Author: Marcus Aurelius
Published: This edition, 2003 (170 pages)
Started reading: 12.December.2016
Finished reading: 25.December.2016
An emperor’s personal exhortations to himself, Meditations was written by Marcus Aurelius, who served as the ruler of the Roman Empire from A.D. 161 until his death in 180.
The real Marcus wasn’t strangled by Joaquin Pheonix (like in The Gladiator) but fell ill during a military campaign against the Germans, leaving the throne to his (somewhat of a disappointment of a) son, Commodus (i.e. Joaquin). Marcus was considered by Edward Gibbon as the last of the five good emperors; a philosopher-king in the best tradition of Plato.
Most probably written during campaigns in the latter half of his emperorship, the edition of Meditations that has been best recommended (by Ryan Holiday, among others) is: Emperor of Rome Marcus Aurelius: Meditations : A New Translation (Paperback – Revised Ed.); 2003 Edition. This particular version features an expert introduction and translation by Gregory Hays, a classics professor at the University of Virginia.
The text of the book is fragmented, divided into discrete chunks or ‘meditations’ – a name given to the book by renaissance scholars – that Marcus appears to have written to and for himself, whether regularly or intermittently we don’t know. These ruminations are grouped into ‘books’ – there are twelve in total – which don’t have a thematic organisation but were determined by physical limitations: when Marcus filled up a piece of manuscript (probably papyrus) he started the next ‘book’.
As the notes were never intended to be published, let alone read 18 centuries later, the prose is at times visibly imperfect. He’s grasping for words, making insider references, repeating ideas so as to drill them into his brain. At other times, the writing is gripping and fresh, such as the opening of 5.23, when he reflects on the transience of all of existence.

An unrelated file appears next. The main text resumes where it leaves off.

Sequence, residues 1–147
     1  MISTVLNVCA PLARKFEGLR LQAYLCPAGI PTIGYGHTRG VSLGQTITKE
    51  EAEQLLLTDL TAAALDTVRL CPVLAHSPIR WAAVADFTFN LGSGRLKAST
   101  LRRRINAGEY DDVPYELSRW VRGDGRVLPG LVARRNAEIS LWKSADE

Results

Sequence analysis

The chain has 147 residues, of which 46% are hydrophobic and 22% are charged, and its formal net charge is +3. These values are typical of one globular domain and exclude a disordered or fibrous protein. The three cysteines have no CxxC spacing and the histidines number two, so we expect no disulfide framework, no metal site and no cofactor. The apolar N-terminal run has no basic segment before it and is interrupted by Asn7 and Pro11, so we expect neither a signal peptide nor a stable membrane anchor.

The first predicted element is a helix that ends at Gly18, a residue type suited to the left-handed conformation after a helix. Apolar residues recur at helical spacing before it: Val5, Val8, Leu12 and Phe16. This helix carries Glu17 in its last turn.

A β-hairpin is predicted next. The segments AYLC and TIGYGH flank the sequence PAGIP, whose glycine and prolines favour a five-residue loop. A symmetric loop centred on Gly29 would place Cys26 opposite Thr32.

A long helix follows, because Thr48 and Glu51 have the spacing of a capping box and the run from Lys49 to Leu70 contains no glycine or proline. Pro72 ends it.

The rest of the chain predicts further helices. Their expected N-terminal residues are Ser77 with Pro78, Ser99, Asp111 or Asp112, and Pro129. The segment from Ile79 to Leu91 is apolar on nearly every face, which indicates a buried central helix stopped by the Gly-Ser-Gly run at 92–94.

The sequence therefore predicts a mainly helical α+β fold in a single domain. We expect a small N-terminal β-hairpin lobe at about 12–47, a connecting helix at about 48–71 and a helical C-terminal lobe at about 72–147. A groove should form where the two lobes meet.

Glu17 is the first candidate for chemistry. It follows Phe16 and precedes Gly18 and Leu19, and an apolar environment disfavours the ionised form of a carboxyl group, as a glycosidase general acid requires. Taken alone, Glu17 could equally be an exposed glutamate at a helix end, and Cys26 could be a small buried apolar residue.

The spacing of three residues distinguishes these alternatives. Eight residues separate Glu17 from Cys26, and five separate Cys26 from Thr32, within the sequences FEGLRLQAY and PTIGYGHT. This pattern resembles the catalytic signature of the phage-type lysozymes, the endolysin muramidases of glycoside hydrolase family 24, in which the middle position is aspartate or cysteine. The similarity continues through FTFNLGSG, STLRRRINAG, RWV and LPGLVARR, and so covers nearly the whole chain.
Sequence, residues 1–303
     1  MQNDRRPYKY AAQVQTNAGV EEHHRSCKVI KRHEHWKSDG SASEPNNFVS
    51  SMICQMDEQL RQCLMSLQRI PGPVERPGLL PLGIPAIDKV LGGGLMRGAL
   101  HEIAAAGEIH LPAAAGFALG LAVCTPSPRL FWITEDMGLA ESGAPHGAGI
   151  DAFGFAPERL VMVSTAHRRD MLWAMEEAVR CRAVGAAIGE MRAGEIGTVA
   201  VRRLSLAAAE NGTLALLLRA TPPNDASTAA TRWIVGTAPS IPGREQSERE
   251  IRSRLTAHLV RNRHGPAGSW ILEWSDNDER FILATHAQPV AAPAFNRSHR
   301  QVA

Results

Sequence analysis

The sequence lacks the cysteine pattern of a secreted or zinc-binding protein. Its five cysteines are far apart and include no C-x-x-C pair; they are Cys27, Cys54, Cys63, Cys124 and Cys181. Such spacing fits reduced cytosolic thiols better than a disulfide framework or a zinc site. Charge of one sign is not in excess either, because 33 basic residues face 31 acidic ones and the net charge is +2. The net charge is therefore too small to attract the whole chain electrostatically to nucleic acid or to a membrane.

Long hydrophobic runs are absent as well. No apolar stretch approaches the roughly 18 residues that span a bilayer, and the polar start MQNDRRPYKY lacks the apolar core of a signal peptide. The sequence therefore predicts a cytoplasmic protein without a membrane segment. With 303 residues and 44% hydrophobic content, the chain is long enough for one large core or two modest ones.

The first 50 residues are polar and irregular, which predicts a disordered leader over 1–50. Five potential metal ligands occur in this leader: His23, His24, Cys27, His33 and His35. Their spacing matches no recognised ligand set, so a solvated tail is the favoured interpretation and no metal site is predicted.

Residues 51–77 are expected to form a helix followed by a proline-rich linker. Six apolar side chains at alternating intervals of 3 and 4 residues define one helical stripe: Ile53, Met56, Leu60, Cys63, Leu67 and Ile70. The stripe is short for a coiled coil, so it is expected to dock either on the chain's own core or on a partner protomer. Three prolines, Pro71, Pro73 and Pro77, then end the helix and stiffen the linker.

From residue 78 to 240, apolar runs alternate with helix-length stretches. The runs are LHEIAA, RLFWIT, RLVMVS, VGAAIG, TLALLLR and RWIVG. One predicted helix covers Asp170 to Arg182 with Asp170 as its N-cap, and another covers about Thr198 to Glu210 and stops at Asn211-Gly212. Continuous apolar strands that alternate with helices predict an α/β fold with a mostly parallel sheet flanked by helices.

“Keep in mind how fast things pass by and are gone – those that are now, and those to come. Existence flows past us like a river: the ‘what’ is in constant flux, the ‘why’ has a thousand variations. Nothing is stable, not even what’s right here. The infinity of past and future gapes before us – a chasm whose depths we cannot see.”
– Book 5, verse 23
Meditations is a book largely inseparable from its context. Much of the imagery is agrarian or natural, reminding you that for all Rome’s eventual size (the city grew to a population of more than one million during the century in which Marcus reigned, a size that wouldn’t be eclipsed by any other western city until the nineteenth century), the romans, at least aspirationally, remained farmers, the ideal of Cincinnatus still firmly in their minds’ eyes.